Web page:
Mosser, Pierog dispute audit that says Kane County IT Director failed to disclose that he was recommending his wife for a temp gig

Wegman: ‘My report is accurate. I stand behind it’

GENEVA – Whether the head of Kane County’s Information Technologies department properly disclosed that he was recommending his wife for a job as a temporary county employee from March to May 2021 has become a recent source of contention among top-ranking elected officials.

On one side, Auditor Penny Wegman said she stands behind her office’s report earlier this year that found IT Executive Director Roger Fahnestock did not properly disclose the relationship.

On the other, Kane County Chair Corinne Pierog and State’s Attorney Jamie Mosser said jointly that there was nothing to disclose because everyone involved already knew Suzanne Fahnestock was married to Roger Fahnestock.

“This matter has been reviewed by the State’s Attorney’s Office,” a recent statement from Pierog and Mosser asserted. “No violation of county policy or Ethics Code provision occurred in connection with the hiring or employment of this temporary worker.”

Pierog approved hiring Suzanne Fahnestock as a temporary worker in February 2021 to help open the COVID-19 mass vaccination site in Batavia.

According to the audit, Suzanne Fahnestock was paid $15,901 for 311.15 hours at $50.40 per hour, as well as $75.60 per hour for 8.5 hours of overtime.

One of 11 invoices from The Salem Group showing what Suzanne Fahnestock was paid, including overtime. Salem invoices were released after a Freedom of Information Act request.

Contrary to Wegman’s audit, Roger Fahnestock did not need to disclose his relationship with his wife to Human Resources because he told those involved in the hiring and they already knew she was his wife, Pierog and Mosser said in an April 29 statement in response to Wegman’s Feb. 28 supplemental audit report about temporary workers and news coverage from the Kane County Chronicle.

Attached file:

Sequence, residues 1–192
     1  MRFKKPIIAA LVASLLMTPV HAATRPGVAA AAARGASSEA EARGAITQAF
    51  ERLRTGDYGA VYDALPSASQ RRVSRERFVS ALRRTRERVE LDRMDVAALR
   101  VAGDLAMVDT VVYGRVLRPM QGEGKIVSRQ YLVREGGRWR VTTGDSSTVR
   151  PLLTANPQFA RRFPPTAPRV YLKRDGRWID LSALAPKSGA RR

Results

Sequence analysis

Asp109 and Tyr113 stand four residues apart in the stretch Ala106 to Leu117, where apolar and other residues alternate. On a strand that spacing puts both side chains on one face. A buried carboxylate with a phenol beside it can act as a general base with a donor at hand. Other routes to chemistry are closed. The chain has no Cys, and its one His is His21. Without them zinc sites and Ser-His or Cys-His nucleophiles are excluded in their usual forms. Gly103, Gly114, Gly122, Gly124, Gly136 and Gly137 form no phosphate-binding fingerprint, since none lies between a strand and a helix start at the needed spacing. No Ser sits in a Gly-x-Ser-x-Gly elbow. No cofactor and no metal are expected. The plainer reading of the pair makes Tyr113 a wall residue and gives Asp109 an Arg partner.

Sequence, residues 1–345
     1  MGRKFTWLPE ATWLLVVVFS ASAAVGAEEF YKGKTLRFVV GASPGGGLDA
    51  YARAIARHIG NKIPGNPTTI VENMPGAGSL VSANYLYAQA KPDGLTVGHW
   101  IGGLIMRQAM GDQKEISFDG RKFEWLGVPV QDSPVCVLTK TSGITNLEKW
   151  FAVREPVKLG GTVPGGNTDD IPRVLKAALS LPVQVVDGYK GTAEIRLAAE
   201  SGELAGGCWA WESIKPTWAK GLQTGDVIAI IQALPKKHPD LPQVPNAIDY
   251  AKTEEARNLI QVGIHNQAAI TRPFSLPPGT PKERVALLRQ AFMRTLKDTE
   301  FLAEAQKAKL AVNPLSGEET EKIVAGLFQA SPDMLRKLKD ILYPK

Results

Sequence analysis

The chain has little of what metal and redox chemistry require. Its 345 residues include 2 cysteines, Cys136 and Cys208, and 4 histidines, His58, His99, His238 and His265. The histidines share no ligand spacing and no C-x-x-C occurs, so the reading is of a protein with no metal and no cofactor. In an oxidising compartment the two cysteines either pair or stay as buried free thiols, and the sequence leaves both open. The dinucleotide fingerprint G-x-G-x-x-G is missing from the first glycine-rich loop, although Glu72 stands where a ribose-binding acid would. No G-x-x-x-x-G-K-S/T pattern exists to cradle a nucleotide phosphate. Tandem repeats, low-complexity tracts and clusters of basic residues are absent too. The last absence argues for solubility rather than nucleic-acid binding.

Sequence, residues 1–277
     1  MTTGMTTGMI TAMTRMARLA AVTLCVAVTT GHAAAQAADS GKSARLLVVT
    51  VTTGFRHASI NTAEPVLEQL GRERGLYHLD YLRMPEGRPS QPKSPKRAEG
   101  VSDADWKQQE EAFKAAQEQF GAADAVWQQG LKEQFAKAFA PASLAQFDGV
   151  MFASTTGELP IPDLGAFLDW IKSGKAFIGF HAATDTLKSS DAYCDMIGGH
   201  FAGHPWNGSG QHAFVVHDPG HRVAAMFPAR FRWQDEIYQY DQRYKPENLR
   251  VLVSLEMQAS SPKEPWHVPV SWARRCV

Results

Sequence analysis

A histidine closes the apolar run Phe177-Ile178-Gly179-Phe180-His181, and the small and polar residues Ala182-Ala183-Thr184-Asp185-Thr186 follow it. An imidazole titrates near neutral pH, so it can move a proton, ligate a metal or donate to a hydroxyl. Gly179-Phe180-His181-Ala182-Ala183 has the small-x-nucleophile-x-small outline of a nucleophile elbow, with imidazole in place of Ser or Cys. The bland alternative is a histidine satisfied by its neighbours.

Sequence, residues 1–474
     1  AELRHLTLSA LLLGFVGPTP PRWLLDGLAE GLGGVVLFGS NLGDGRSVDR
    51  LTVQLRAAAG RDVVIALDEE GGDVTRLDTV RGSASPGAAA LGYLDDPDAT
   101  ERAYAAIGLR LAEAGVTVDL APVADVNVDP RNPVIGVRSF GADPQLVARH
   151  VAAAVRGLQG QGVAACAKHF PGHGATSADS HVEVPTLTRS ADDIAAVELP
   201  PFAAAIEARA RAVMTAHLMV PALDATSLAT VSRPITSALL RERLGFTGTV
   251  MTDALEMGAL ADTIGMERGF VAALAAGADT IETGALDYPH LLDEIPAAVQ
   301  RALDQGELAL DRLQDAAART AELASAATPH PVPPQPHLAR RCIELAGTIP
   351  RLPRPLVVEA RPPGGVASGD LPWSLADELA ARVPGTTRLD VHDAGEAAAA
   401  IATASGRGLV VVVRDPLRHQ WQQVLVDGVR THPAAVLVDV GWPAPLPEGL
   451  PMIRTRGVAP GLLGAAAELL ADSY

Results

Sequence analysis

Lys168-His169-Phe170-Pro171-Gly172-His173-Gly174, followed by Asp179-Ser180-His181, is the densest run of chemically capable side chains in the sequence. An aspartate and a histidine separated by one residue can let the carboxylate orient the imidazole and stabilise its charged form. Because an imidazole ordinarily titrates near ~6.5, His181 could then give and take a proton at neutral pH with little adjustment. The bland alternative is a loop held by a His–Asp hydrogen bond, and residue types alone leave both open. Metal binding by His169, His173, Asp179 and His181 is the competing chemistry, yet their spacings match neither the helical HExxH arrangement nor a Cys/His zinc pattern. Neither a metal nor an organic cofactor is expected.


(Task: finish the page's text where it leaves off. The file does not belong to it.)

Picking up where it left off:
“The family relationship between the temporary worker (Suzanne Fahnestock) and the Kane County employee (Roger Fahnestock) was well known and fully disclosed to the chairman and the building management department executive director (Christopher Allen) before the person was interviewed and ultimately hired through the Salem Group Employment Agency,” according to the statement.

Wegman’s audit cites the county’s ethics ordinance, which states that “no officer may approve, recommend or otherwise take action with regard to the appointment, reappointment, hiring, promotion salary or supervision of a family member.”

“Officers and employees shall fully disclose the existence of any relationship to a family member who is an officer or employee of the county at the time of election or employment,” according to the ethics ordinance.

“While the relationship may have been known to some, in discussions with Human Resources, they were not aware and also unaware of when departments hire temporary workers,” Wegman said in an email.

Her audit highlights “significant policy gaps in the use of ‘temporary employee’ contracts in Kane County.”

“There is currently not a policy regarding relationship disclosure for contract workers that are employed through a staffing agency,” Wegman said.